“While the long-term safety value of this midnight rulemaking is yet to be determined, there is no question that over the last four years NHTSA has failed to focus its energy on Congressional safety mandates or other actions that would address the dangers to everyone on the road during the deadliest vehicle safety year in recent history. NHTSA’s insistence of enabling the fast deployment of self-driving vehicles by amending rules written for cars with drivers, instead of recognizing the unique characteristics of autonomous technology, may be the fastest way to authorize the deployment of autonomous vehicles but it is not a consumer safety driven approach,” the group said.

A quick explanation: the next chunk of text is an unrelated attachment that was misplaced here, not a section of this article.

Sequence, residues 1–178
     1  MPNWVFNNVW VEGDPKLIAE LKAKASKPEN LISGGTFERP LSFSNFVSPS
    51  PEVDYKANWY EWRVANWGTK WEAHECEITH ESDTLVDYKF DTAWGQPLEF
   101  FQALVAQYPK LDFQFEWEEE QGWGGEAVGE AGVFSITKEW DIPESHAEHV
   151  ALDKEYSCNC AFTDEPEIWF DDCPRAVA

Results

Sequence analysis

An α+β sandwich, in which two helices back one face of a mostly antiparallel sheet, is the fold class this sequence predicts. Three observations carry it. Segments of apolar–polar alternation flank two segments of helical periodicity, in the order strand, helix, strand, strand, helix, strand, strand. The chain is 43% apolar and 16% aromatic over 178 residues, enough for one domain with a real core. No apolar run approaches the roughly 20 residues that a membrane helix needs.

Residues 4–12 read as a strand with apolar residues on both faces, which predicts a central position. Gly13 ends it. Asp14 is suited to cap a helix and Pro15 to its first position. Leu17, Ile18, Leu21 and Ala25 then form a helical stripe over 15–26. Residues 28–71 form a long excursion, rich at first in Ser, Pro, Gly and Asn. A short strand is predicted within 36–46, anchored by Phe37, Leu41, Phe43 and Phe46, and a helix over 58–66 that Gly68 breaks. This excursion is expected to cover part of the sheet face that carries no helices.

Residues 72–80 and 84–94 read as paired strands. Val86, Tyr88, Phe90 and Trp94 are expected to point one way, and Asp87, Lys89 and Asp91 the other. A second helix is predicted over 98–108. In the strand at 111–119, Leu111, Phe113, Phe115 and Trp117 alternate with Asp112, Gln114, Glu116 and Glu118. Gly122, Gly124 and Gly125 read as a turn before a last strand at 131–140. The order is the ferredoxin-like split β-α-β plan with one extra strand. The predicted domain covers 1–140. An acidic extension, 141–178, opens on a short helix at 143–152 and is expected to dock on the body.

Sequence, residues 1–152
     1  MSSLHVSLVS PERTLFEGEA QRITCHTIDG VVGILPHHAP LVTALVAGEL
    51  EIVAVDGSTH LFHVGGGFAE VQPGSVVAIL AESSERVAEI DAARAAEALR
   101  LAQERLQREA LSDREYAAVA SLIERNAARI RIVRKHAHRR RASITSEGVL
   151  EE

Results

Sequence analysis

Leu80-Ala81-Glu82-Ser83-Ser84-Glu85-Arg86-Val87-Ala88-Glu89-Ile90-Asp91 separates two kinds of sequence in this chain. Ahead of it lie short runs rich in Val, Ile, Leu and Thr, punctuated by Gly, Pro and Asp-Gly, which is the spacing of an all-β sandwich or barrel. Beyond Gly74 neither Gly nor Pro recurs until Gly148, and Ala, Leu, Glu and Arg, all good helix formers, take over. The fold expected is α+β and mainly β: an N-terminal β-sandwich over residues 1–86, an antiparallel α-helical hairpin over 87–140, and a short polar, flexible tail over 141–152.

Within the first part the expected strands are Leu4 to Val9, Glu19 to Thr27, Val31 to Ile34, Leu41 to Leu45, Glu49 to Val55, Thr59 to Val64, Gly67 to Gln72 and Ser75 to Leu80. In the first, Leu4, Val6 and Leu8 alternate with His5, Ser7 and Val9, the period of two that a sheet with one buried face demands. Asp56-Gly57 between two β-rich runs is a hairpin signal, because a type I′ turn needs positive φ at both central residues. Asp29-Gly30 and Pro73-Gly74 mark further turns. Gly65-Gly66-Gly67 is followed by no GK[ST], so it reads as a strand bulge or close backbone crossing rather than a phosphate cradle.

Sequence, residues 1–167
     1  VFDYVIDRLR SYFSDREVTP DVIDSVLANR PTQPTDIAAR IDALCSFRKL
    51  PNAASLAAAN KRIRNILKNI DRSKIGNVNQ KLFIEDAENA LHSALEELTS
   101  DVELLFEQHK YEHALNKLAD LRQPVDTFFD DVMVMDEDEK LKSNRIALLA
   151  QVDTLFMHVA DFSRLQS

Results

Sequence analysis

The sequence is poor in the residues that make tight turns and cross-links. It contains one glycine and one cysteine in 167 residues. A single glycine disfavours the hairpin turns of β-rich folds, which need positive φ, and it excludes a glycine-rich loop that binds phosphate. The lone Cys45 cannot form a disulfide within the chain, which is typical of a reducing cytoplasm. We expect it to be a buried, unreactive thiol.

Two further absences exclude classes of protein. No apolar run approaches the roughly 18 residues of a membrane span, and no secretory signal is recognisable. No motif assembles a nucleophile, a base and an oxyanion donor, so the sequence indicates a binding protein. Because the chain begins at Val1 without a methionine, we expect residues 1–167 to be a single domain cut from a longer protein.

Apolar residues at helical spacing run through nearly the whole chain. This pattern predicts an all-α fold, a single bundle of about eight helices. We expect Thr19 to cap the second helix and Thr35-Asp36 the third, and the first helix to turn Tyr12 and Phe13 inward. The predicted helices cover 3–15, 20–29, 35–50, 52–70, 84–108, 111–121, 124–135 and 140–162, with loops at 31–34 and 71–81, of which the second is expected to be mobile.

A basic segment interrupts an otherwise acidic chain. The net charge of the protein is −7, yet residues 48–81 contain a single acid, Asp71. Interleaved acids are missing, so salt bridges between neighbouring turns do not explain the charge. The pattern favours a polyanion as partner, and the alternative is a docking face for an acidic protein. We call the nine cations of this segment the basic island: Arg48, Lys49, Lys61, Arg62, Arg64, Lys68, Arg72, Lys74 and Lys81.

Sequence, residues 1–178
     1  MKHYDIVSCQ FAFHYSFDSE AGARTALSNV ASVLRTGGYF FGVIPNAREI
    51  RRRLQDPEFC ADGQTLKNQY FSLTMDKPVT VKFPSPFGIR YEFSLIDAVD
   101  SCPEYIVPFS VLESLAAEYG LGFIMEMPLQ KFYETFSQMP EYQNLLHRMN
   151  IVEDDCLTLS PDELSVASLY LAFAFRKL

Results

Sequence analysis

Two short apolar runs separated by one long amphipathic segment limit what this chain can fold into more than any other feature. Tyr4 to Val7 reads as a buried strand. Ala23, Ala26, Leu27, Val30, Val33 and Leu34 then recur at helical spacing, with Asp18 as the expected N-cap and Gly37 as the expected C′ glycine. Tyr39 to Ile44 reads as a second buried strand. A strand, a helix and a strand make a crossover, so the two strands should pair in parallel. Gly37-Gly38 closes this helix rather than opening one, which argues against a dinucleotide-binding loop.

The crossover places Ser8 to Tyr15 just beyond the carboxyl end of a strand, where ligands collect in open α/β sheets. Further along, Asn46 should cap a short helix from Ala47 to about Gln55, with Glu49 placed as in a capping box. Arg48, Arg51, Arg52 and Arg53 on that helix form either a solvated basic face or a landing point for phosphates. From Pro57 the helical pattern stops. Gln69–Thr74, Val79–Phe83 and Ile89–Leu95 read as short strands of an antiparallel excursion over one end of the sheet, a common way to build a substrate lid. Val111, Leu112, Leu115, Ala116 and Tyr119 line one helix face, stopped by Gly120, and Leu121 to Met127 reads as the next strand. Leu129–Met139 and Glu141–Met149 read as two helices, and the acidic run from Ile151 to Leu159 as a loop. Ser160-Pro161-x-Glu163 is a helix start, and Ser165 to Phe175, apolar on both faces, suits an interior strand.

by Gary Gastelu
January 15, 2021
The National Highway Traffic Safety Administration has updated its automotive safety rules to exempt vehicles with self-driving capability from some passenger safety requirements in an effort to streamline the development of the technology.
Among the changes announced Thursday are the elimination of passenger crash safety standards for vehicles designed to only carry goods and the removal of requirements that vehicles must have a defined driver seat with unique protection, even if they are engineered to be fully autonomous.
“With more than 90% of serious crashes caused by driver error, it’s vital that we remove unnecessary barriers to technology that could help save lives,” NHTSA Deputy Administrator James Owens said in a press release on the changes.
“We do not want regulations enacted long before the development of automated technologies to present an unintended and unnecessary barrier to innovation and improved vehicle safety.”